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Blighted Properties: Choosing the Right Tool For the Job

Blighted Properties: Choosing the Right Tool For the Job

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Blighted Properties: Choosing the Right Tool For the Job

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  1. Blighted Properties:Choosing the Right Tool For the Job South Central Assembly Workshop September 2013 Image Source: www.parktool.com

  2. Presenter Background Chris Gulotta • Executive Director, The Cumberland County Redevelopment and Housing Authorities 1980-2010 • Principal, The Gulotta Group, LLC, formedin 2010 to provide training, technical assistance, and strategic planning to communities and organizations in the area of community development and housing • Education B.A., Dickinson College Masters in Urban and Regional Planning, Penn State J.D., Dickinson School of Law

  3. Process • Assess the Nature and Extent of the Problem. • Identify Goals and Objectives. • Develop Evaluation Criteria. • Identify Available Blight Tools. • Evaluate Available Blight Tools Against the Criteria. • Select the Best Tool(s) to Address the Problem. Image Source: www.123rf.com

  4. Step 1 Assess Nature and Extent of the Problem Determine How Many Properties in Your Jurisdiction: • Are tax delinquent. • Have a high number of code complaints (including nuisance complaints). • Have municipal liens/delinquent water and sewer bills. • Have been foreclosed upon by a lender. Image Sources: http://www.gograph.com; www.preferredsalesconcepts.com

  5. Step 1 Assess Nature and Extent of the Problem Tax Delinquent Properties Talk with your County Tax Claims Director about the location and number of properties in your county/municipality that are: • Tax delinquent (more than one year past due). • Unsold after the upset sale stage. • Unsold at the judicial sale stage. Image Sources: http://www.cookcountyclerk.com; www.preferredsalesconcepts.com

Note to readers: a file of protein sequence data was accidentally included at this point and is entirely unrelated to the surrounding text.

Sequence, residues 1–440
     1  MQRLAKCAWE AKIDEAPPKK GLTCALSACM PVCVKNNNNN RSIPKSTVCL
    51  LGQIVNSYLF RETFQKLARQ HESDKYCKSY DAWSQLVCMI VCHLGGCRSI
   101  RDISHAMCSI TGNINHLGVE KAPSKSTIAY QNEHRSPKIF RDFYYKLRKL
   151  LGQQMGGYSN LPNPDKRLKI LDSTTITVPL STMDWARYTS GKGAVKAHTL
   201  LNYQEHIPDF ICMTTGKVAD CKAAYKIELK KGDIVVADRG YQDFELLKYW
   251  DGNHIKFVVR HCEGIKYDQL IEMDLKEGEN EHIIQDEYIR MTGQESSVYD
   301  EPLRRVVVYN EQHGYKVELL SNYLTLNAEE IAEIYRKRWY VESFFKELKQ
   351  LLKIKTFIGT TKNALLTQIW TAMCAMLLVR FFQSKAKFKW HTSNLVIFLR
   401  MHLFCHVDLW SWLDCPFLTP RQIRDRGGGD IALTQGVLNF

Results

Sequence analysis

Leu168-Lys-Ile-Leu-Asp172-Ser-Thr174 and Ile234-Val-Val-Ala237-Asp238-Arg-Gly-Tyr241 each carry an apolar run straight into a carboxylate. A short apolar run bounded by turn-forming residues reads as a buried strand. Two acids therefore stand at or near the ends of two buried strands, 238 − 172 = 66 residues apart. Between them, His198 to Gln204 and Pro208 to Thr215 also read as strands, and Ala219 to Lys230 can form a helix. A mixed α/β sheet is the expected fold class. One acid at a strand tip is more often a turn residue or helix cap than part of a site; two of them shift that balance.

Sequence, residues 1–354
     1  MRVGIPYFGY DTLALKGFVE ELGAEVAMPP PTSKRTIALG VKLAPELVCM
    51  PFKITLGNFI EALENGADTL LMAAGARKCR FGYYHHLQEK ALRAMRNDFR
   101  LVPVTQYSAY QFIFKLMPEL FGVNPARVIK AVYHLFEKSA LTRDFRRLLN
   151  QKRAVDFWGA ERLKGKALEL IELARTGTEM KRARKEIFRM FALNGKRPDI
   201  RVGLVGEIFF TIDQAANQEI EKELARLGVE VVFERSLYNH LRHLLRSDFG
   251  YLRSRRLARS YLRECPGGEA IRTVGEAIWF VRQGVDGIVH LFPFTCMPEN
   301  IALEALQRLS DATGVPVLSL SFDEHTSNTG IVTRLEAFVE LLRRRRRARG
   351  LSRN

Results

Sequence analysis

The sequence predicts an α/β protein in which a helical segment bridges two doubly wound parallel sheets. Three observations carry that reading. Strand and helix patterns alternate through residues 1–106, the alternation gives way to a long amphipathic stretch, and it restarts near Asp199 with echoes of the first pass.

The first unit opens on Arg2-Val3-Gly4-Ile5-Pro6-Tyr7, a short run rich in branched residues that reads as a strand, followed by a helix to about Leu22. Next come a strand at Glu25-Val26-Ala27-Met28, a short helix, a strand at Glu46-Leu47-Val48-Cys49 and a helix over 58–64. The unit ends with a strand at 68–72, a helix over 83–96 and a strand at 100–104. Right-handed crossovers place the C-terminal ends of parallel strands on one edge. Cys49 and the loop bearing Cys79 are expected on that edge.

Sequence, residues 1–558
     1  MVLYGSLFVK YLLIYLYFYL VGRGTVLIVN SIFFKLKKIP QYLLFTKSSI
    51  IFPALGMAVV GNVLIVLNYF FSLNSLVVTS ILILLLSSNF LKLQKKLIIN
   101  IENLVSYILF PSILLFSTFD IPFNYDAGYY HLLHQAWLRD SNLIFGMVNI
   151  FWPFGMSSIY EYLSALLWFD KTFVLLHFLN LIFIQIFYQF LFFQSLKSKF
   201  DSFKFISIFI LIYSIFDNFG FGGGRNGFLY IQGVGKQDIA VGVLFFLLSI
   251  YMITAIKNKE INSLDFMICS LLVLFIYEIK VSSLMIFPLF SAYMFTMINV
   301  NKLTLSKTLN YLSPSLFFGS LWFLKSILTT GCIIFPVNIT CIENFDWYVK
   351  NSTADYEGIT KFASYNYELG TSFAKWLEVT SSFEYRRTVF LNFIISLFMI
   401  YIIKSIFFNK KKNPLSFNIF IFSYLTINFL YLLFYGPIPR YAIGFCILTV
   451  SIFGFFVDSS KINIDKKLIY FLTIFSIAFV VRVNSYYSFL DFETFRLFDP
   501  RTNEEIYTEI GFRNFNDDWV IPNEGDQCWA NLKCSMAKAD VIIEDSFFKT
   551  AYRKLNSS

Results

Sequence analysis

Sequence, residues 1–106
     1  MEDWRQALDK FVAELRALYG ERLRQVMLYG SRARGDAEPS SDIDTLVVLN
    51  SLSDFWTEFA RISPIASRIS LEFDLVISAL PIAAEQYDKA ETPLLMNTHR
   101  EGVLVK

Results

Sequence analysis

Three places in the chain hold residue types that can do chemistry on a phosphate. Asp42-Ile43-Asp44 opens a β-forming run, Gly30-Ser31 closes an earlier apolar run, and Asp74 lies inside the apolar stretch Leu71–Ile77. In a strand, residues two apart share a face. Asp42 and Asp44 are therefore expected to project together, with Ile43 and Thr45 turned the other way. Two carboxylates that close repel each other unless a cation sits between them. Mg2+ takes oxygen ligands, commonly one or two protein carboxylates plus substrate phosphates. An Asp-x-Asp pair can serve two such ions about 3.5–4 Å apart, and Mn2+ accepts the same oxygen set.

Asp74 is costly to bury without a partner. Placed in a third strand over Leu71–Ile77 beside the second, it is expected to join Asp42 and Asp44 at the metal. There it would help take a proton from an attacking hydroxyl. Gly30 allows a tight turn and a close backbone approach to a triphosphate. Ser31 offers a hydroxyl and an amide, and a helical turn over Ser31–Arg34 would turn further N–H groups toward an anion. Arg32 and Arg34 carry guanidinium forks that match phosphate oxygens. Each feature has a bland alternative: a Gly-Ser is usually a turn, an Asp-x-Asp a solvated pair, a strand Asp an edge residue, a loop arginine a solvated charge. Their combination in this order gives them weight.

6. Step 1 Assess Nature and Extent of the Problem Properties with Numerous Code Complaints • Set a threshold, e.g., 3-5 complaints in a 12 month period. • Note those that may pose a health and safety risk in general, and an attractive nuisance to children in particular. Image Sources: http://www.morgantownwv.gov/; www.preferredsalesconcepts.com

  7. Step 1 Assess Nature and Extent of the Problem Properties with Municipal Liens orDelinquent Sewer and Water Bills • Municipal liens should be a matter of public record; your municipality should also maintain a database. • Information on delinquent sewer and water bills for publicly owned utilities (over six months old) should be readily available. Image Source: http://www.point2.com www.preferredsalesconcepts.com

  8. Step 1 Assess Nature and Extent of the Problem Properties That Have Been Foreclosed On By a Lender Check government insured mortgage websites: • HUD (FHA) www.hudhouses.com • Fannie Mae www.homepath.com • Freddie Mac www.homesteps.com Image Source: http://www.npr.org; www.preferredsalesconcepts.com

  9. Step 1 Assess Nature and Extent of the Problem Map the Properties • Using Google Maps (or a GIS program), map the properties to see if there is a concen- tration in one area. • See if there is a concentration of properties that are located on gateway streets, in established revitalization areas, or in floodplains. • It may make sense to target properties in these areas to the extent that a redevelopment opportunity exists. Note: This is good project for a local college or university class! Image Source: http://www.techwhack.com; www.preferredsalesconcepts.com

  10. Step 1 Assess Nature and Extent of the Problem Determine the As-Is Value of the Property • Look up assessed value of each property to determine the value of the property “as is.” The information about the current value of the property is important because it may affect your ability to borrow against the property to undertake repairs. • If the property has little or no value “as is” except for the value of the land, you will be unable to recoup the cost if you acquire and demolish the property. Note: some assessed values may under- or over- state property value, so you may have to use your judgment based on what you know about property values in the area. Image Source: www.xpresstags.com

  11. Step 1 Assess Nature and Extent of the Problem Collect Data on the Properties * * Image Sources: http://www.techwhack.com ; www.preferredsalesconcepts.com * http://www.legis.state.pa.us /WU01/LI/LI/CT/PDF/26/26.PDF

  12. Step 2 Identify Goals and Objectives • Prevention • Remediation • Redevelopment

  13. Step 2 Identify Goals and Objectives: Prevention If the number of problem properties is relatively small, you may want to focus on Prevention Strategies : • Systematic Code Enforcement • Rental Licensing and Inspections • Ticketing Ordinances • Programs to Incentivize Private Development • Disqualification of Property Owners at Tax Sales Note: For those few blighted properties, assuming they are also vacant, you may want to consider a more targeted remediation approach such as conservatorship, acquiring the property with Community Development Block Grant funds, or eminent domain through the Redevelopment Authority. Image sources: www.cidreview.cidmcorp.com; www.theamateurconsumer.com